Borders between the two countries are pretty porous and checks random at best, but if you attempt to get into Switzerland this way, you’d be breaking the law.

The only US citizens who can come into Switzerland legally right now are those residing in the EU/EFTA states, or one of the third nations deemed safe by public health officials:  Australia, New Zealand, Cyprus, Rwanda, South Korea, Singapore, and Thailand.

In other words, it’s not the nationality of a traveller that counts but their place of residence.

What about Swiss citizens going on vacation to the United States?

The US still has a ban in place for tourists from the EU, including Switzerland. It also has similar exceptions — that is, US citizens and permanent residents returning from abroad.

The US is forming expert groups to decide when to lift global travel restrictions that have been in place since March 2020.

However, this will probably take time and, despite mounting pressure from the travel industry and airlines, US-bound travel may not be on the horizon for this summer.

READ MORE: How to get Switzerland’s Covid-19 health pass

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IN IMAGES: Spain’s ‘scrap cathedral’ lives on after creator’s death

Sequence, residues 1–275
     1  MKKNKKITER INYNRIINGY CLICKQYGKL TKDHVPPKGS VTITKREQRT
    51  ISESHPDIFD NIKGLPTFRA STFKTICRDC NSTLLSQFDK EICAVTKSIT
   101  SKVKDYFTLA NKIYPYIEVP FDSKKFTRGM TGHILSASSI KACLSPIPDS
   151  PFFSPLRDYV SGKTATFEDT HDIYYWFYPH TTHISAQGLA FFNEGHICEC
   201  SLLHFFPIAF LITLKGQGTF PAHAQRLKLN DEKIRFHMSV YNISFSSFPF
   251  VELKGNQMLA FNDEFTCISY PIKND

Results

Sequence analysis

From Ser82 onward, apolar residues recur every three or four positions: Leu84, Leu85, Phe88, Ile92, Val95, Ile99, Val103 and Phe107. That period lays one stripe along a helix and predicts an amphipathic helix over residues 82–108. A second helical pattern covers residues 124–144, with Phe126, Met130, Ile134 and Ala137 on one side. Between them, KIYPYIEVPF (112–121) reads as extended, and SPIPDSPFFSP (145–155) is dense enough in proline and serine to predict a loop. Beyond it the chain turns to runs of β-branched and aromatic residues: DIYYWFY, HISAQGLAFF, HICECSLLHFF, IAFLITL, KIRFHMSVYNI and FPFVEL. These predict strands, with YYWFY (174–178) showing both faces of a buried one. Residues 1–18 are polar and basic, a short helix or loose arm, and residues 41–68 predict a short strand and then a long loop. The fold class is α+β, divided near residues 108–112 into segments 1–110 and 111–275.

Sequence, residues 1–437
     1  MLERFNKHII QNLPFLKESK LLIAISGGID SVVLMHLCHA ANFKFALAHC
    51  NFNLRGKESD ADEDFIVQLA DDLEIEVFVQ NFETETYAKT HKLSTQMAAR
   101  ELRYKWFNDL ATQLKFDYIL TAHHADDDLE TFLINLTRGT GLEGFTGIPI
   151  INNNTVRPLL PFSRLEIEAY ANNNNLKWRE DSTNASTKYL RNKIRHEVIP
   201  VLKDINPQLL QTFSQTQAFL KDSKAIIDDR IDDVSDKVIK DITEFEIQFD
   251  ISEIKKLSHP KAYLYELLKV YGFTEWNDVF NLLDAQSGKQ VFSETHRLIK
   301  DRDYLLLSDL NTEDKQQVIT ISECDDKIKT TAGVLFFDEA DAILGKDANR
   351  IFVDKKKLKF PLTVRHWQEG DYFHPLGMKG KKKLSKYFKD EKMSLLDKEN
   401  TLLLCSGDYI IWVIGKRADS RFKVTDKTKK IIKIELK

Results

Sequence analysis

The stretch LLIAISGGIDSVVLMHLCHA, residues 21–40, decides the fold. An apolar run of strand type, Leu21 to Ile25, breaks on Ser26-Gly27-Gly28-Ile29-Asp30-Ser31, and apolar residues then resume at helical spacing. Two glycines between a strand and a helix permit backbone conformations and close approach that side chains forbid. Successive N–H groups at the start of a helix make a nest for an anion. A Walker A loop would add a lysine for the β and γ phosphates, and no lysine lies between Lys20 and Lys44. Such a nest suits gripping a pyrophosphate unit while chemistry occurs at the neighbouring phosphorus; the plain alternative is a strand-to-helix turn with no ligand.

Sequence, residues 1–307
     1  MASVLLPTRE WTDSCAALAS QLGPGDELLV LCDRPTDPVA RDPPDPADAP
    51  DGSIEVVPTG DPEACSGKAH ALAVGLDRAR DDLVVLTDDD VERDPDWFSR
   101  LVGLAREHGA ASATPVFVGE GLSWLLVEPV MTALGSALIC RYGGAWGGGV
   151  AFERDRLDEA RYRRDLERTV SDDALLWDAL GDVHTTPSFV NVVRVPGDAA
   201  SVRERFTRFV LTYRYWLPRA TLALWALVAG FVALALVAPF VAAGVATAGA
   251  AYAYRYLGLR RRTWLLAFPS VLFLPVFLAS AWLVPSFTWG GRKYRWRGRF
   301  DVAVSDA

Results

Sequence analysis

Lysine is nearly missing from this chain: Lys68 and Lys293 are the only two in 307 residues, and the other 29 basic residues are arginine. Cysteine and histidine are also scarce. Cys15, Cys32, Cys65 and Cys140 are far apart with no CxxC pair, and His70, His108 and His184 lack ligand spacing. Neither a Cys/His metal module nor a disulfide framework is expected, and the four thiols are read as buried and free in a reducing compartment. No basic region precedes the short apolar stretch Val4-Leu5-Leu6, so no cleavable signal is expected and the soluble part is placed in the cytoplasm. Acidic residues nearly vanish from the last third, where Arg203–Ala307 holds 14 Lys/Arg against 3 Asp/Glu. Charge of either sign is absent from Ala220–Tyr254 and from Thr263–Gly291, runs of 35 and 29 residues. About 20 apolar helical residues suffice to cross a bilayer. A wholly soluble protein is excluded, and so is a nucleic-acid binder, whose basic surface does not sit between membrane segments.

For over 60 years, former monk Justo Gallego almost single-handedly built a cathedral out of scrap materials on the outskirts of Madrid. Here is a picture-based ode to his remarkable labour of love.

IN IMAGES: Spain's 'scrap cathedral' lives on after creator's death
File photo taken on August 3, 1999 shows Justo Gallego Martinez, then 73, posing in front of his cathedral. Photo: ERIC CABANIS / AFP

The 96-year-old died over the weekend, but left the unfinished complex in Mejorada del Campo to a charity run by a priest that has vowed to complete his labour of love.

Gallego began the project in 1961 when he was in his mid-30s on land inherited from his family after a bout of tuberculosis forced him to leave an order of Trappist monks.

Today, the “Cathedral of Justo” features a crypt, two cloisters and 12 towers spread over 4,700 square metres (50,600 square feet), although the central dome still does not have a cover.

He used bricks, wood and other material scavenged from old building sites, as well as through donations that began to arrive once the project became better known.

A woman prays at the Cathedral of Justo on November 26, 2021. (Photo by Gabriel BOUYS / AFP)
A woman prays at the Cathedral of Justo on November 26, 2021. (Photo by Gabriel BOUYS / AFP)
 

The building’s pillars are made from stacked oil drums while windows have been cobbled and glued together from shards of coloured glass.

“Recycling is fashionable now, but he used it 60 years ago when nobody talked about it,” said Juan Carlos Arroyo, an engineer and architect with engineering firm Calter.

Men work at the Cathedral of Justo on November 26, 2021 in Mejorada del Campo, 20km east of Madrid.
Men work at the Cathedral of Justo on November 26, 2021 in Mejorada del Campo, 20km east of Madrid. Photo: (Photo by Gabriel BOUYS / AFP)